A year ago Toyota got our hopes up for a hot Yaris GRMN, but Toyota cruelly dashed them by not offering it in America. I cried myself to sleep for days while listening to Enya alone in my room. As Americans that loves hatchbacks, we felt completely abandoned. But then, just as I was ready to reenter society as a broken man, Toyota comes back with arms open wide.
Toyota is bringing back the Corolla hatch, something that hasn’t been offered since the Corolla FX raised its last tailgate in 1988. The new car is the same as the next-generation European-market Toyota Auris, which you may remember as the Toyota/Scion iM. For the newest generation, they’re dropping the iM nameplate and calling it simply the Corolla Hatchback. Best of all, the Big T is also including a 6-speed manual, automatic rev matching, and an independent rear suspension.
Based on Toyota’s TNGA global architecture, the car will have a substantially stiffer chassis. This is good news because the the modular platform has greatly improved the Camry and the Prius, while the crossover stablemate, Toyota CH-R, is the closest thing to a compact crossover that I could actually like. While the others aren’t exactly firestarters, the Corolla sounds like it’s going to be somewhat fun to drive and that feels really good to say.
Toyota has been doing great things trying to shed their “living in purgatory” image they’ve built since their sports car genocide of the early 2000s. Akio Toyoda is continuing on his crusade to restore the soul of Toyota, and while the halo cars get all the press, it appears that Toyota has not forgotten about the everyman.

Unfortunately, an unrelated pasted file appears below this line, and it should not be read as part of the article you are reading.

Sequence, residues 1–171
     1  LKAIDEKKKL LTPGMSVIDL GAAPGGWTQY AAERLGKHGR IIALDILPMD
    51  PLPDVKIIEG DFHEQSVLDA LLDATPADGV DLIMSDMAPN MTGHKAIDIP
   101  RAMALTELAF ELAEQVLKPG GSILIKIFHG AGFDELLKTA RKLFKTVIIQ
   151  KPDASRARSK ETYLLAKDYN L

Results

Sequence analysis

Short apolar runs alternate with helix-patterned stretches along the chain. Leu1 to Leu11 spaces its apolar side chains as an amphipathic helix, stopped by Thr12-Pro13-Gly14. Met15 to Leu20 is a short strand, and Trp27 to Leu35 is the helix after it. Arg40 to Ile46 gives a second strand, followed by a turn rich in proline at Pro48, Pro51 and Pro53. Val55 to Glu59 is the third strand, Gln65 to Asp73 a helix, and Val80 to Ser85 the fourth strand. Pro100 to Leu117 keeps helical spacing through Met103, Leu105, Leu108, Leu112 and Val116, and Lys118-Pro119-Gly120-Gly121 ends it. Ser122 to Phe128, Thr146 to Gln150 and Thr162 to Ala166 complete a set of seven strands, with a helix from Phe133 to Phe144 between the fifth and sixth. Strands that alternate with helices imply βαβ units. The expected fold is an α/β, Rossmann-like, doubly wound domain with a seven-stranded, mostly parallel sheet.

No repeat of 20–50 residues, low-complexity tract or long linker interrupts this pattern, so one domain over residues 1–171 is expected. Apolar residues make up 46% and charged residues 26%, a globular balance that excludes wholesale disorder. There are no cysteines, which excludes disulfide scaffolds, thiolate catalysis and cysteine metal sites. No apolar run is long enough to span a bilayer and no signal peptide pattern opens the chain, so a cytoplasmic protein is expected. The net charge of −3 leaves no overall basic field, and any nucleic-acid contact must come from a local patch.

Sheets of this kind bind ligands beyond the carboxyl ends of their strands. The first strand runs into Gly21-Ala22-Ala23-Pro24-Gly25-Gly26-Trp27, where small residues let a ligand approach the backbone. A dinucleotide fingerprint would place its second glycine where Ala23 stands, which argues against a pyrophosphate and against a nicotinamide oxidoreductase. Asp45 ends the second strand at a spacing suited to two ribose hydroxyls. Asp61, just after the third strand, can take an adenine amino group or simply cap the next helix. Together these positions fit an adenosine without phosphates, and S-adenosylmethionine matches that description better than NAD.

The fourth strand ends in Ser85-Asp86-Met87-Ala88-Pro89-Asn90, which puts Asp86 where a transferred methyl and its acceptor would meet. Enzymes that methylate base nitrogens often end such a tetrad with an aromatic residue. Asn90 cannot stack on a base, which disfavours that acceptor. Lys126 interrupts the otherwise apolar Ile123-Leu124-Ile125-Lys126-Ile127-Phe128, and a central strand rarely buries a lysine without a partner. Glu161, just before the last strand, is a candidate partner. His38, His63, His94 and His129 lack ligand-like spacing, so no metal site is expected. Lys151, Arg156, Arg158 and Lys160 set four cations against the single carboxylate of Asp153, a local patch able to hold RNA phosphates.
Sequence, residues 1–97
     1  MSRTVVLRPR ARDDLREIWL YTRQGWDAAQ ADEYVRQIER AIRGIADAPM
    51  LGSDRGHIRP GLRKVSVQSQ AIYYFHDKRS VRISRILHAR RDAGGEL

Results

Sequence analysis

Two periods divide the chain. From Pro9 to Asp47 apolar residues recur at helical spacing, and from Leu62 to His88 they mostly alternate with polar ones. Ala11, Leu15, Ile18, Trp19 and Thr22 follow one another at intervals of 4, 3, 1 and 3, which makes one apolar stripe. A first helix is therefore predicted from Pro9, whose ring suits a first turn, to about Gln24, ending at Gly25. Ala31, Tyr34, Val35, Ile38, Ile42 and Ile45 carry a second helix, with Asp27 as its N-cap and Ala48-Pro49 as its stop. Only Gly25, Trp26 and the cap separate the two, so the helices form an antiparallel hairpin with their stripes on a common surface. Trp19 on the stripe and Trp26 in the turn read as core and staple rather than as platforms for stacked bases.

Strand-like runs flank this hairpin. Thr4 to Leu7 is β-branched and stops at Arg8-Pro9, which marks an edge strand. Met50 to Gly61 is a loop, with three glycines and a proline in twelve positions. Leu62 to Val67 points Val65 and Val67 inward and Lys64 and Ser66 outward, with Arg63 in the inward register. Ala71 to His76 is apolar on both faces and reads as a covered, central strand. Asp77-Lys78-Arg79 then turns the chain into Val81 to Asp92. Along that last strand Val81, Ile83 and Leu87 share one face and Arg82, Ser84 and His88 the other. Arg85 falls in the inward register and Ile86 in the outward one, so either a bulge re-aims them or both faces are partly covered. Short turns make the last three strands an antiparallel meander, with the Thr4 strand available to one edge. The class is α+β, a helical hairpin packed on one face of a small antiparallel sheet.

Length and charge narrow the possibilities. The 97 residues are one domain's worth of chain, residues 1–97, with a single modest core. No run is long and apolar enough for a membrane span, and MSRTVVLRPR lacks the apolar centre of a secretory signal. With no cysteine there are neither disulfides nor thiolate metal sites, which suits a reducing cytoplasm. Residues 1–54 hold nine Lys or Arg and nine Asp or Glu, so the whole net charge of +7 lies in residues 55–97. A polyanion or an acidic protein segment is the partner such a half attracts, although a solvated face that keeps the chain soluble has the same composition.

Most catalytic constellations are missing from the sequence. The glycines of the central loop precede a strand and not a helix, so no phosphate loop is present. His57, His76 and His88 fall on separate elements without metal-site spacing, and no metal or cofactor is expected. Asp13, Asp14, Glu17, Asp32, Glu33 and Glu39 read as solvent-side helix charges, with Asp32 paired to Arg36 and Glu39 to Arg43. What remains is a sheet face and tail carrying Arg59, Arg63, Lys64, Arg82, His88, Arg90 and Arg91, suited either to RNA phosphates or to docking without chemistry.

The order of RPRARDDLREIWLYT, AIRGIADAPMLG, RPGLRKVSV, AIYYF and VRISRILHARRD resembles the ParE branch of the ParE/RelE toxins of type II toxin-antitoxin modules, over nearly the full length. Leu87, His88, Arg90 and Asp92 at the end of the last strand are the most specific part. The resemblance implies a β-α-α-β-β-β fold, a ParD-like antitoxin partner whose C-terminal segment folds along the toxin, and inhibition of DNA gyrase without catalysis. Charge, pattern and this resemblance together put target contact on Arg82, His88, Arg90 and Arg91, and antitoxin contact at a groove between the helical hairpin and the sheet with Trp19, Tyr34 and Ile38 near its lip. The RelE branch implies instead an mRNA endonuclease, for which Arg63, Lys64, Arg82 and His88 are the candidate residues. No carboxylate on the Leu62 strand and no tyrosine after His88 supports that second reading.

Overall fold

It’s surprising that Toyota even attempts to sate the desires of middle-class car enthusiasts, because not only is it difficult with CAFE fuel economy standards, but, frankly, they don’t need to. Toyota would do just fine being like everyone else making appliances that drive like a moist refrigerator box.
Toyota’s revival hasn’t been perfect, and we know everyone’s lamenting the Supra will be an automatic-only car, but let’s rejoice that the new Corolla will still retain a proper transmission. The shift-it-yourself, three-pedal, kill-it-at-a-stoplight manual transmission. They’re not just using the manual in the base model either — you can get it across the range, which is something other marques could learn from. The transmission will come with automatic rev matching, too, and as much as I love heel-and-toeing, computerized throttle blips make driving in anger much easier. There is also a CVT but we really couldn’t care less about that.
Power numbers haven’t been disclosed, but the M20A-FKS engine looks promising. Replacing the outgoing 1.8-liter four, it grows to a 2.0 liters employing an 80.5 x 97.6 bore-to-stroke ratio and dual VVT-i. While I would have preferred a square or over-square block, I’ll take what I can get. What’s interesting about the engine is Toyota says that they’ve integrated three under piston oil jets per cylinder, enlarged the water jacket and a given it a high 13:1 compression ratio. Assuming the cylinder walls aren’t too thin, this engine sounds like it has some additional potential to be unleashed.
The manual transmission and bigger engine are headline grabbers, but it’s important to mention the independent rear suspension. Since the demise of the eight-gen E110, the Corolla has used rear beam axles, which, while cost effective and good enough for Ethel to get her groceries in, isn’t nearly as suited to spirited driving as a good IRS setup.
The new IRS on the Corolla Hatchback is a multi-link setup akin to that of Corollas and Civics of the late 80s and 1990s. The front suspension uses the more common MacPherson struts, but Toyota says the geometry is optimized for drivers.
This should be a platform that is ripe for aftermarket parts development. While we don’t expect the same magic created by Hondas of the 90s, we’re looking forward to a fun FWD hatch that isn’t the size of an Acura TL, utilizes an NA engine, and isn’t dreadfully unreliable. It’ll be interesting to see to how the Japanese compact scene evolves in the next five years. Toyota’s given us a new Corolla hatch. Can we make it hot?
Some images courtesy of Toyota.